A fourth dose of the COVID-19 vaccine increases immunity from the virus, higher than the levels seen after the third dose, a study has suggested.
The study, known as the CovBoost trial and published in The Lancet Infectious Diseases, was carried out by a team of scientists led by the University of Southampton who have been monitoring 166 participants and their levels of antibodies and T-cells by examining their blood samples.
These were examined at different points in time, including 28 days after the third jab was given; again, just before their fourth boost was administered – which took place, on average, just over 200 days later; and then 14 days after they had their fourth jab.
Researchers found that the levels of antibodies decreased between the third and fourth jabs however, two weeks after the booster jab, it can rescue immune responses that have waned since a third jab, with participants having 12 to 16 times higher levels of antibodies within the bloodstream.
Director of the NIHR Southampton clinical research facility and trial lead, Prof. Saul Faust, said: “We’ve demonstrated a fourth dose of Covid-19 vaccines can produce a substantial boost to both the antibody and cellular immunity when you give them more than six months after the third dose.”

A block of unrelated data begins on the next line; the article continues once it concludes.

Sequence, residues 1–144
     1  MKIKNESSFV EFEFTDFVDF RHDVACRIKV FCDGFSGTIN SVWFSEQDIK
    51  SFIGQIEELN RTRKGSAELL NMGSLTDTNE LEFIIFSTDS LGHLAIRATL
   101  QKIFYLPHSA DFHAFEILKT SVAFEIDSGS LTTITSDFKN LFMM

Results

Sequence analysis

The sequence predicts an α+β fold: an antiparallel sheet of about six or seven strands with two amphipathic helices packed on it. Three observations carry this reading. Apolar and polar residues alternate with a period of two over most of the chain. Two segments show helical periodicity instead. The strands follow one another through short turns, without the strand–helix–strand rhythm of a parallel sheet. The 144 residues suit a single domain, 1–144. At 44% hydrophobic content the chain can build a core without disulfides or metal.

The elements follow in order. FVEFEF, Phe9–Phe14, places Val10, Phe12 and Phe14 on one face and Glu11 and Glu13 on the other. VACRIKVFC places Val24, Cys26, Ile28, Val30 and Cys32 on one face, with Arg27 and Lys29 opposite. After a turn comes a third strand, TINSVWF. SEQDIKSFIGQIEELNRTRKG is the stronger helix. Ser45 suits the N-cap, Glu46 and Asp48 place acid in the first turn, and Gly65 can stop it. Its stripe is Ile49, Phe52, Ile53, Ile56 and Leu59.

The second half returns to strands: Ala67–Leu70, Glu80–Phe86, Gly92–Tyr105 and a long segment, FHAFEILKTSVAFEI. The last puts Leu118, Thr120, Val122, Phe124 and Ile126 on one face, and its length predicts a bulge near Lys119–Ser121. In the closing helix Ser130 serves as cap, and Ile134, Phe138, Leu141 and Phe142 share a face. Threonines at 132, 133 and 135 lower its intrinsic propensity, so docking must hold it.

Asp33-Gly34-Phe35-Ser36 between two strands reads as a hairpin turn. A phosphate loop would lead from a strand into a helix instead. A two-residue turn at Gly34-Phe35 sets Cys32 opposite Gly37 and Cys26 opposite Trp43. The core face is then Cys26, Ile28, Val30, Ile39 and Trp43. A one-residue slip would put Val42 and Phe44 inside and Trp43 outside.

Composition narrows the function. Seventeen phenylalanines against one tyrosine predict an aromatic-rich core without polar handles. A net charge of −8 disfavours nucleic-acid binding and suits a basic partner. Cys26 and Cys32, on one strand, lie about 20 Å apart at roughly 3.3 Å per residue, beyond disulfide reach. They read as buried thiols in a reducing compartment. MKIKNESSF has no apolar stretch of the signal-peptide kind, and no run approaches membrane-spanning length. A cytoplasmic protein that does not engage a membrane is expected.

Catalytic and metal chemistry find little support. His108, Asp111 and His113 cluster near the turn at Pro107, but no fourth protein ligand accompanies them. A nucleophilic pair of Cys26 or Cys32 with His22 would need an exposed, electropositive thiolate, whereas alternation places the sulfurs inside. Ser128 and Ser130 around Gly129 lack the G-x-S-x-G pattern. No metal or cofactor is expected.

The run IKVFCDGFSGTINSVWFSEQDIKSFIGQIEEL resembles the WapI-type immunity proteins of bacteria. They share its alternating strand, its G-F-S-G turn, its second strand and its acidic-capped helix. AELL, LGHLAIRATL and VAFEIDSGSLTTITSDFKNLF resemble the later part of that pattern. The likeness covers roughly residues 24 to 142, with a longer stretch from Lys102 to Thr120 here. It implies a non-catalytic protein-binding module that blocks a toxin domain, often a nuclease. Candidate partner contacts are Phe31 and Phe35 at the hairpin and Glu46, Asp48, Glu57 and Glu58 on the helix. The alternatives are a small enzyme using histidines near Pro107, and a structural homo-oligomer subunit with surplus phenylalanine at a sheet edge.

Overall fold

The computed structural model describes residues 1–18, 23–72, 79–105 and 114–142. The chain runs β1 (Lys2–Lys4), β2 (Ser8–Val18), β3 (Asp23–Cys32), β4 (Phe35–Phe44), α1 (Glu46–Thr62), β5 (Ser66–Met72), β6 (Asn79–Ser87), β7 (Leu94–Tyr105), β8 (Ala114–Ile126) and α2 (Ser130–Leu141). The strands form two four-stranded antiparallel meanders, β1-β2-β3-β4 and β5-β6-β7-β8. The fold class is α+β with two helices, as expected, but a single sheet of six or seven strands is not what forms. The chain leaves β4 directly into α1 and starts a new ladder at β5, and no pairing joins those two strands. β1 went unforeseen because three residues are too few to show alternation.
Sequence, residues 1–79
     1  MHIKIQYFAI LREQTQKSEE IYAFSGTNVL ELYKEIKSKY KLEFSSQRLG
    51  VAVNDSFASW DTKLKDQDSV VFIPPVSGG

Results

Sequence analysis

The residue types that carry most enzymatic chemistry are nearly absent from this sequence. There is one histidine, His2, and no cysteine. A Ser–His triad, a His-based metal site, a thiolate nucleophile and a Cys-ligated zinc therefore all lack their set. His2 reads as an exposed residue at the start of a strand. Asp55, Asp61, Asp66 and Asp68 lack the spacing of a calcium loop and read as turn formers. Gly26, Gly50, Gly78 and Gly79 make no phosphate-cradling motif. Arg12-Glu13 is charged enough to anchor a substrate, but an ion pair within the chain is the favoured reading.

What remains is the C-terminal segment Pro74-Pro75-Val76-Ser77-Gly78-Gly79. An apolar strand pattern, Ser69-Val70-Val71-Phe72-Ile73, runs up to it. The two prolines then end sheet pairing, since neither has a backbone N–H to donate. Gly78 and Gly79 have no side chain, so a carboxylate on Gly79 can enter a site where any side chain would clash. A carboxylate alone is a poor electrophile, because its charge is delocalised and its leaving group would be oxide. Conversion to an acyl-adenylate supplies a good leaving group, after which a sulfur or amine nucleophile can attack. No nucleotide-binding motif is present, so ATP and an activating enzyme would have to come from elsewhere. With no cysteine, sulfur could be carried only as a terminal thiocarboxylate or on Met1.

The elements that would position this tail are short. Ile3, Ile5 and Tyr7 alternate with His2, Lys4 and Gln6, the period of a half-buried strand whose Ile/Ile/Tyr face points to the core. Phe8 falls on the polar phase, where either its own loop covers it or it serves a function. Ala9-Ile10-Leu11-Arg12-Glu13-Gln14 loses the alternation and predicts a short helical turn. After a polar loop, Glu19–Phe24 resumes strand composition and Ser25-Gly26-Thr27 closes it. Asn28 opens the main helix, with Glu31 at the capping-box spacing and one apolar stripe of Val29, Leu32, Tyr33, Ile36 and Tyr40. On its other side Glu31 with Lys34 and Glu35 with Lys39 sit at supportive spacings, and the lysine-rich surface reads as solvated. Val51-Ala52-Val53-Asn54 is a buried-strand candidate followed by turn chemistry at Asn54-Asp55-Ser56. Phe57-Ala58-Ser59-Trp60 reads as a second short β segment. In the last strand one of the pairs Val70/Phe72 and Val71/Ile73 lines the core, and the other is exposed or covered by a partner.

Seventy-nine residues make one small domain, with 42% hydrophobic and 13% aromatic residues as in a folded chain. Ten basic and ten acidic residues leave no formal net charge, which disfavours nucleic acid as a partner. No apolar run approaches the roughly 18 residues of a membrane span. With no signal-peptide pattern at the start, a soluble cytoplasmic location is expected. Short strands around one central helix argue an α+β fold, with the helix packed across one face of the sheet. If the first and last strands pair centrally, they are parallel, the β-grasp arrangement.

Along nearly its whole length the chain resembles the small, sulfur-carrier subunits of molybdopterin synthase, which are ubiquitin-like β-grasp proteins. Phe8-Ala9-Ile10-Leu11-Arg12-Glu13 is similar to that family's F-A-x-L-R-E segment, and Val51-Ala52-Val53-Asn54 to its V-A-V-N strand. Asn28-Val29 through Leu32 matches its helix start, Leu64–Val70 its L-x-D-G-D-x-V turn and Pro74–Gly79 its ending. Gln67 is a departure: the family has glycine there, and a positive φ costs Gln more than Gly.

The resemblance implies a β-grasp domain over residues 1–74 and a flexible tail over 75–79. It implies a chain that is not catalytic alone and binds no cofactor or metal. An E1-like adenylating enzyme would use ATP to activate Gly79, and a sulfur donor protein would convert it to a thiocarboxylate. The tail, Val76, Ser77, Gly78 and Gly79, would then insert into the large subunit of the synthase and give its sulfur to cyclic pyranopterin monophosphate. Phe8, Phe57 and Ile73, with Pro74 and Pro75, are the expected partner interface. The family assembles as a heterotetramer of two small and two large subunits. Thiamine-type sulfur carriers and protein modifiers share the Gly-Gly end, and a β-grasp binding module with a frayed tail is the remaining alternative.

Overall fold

The fourth dose is currently being rolled out to those over the age of 75 and the most vulnerable. The number of people offered the jab may increase come the autumn, but a decision will have to be based on advice from the UK’s vaccine committee.
Nations such as Germany and Israel have already offered a fourth jab to the majority of their populations.
Health and Social Care Secretary Sajid Javid said the study findings were “further evidence underlining the importance of people coming forward for their booster as soon as they are eligible”.
“We’re able to live with Covid thanks to the protection provided by our phenomenal vaccine programme and a booster dose will top up your immunity to continue to keep you and your loved ones safe.”
Immunologist at Imperial College London, Prof Danny Altmann, affirmed that Omicron still poses a threat to the public, adding that the new study indicates the added value of a fourth dose.
“Just because our first-generation vaccines wane rapidly and offer rather permeable protection nowadays, does not suggest we should give up and have no further boosters,” he said.
“On the contrary, [given] many of us, even with high apparent antibody levels, actually show [very little] protective neutralisation of Omicron, there is all the more urgency to use [fourth] doses – in all age groups – to boost levels back up into the protective range.
The trial also examined side-effects after having the fourth jab however no severe side effects were recorded amongst the participants, but some did report fatigue and pain.
According to the NHS in England, more than three million people have been administered with their spring booster in England.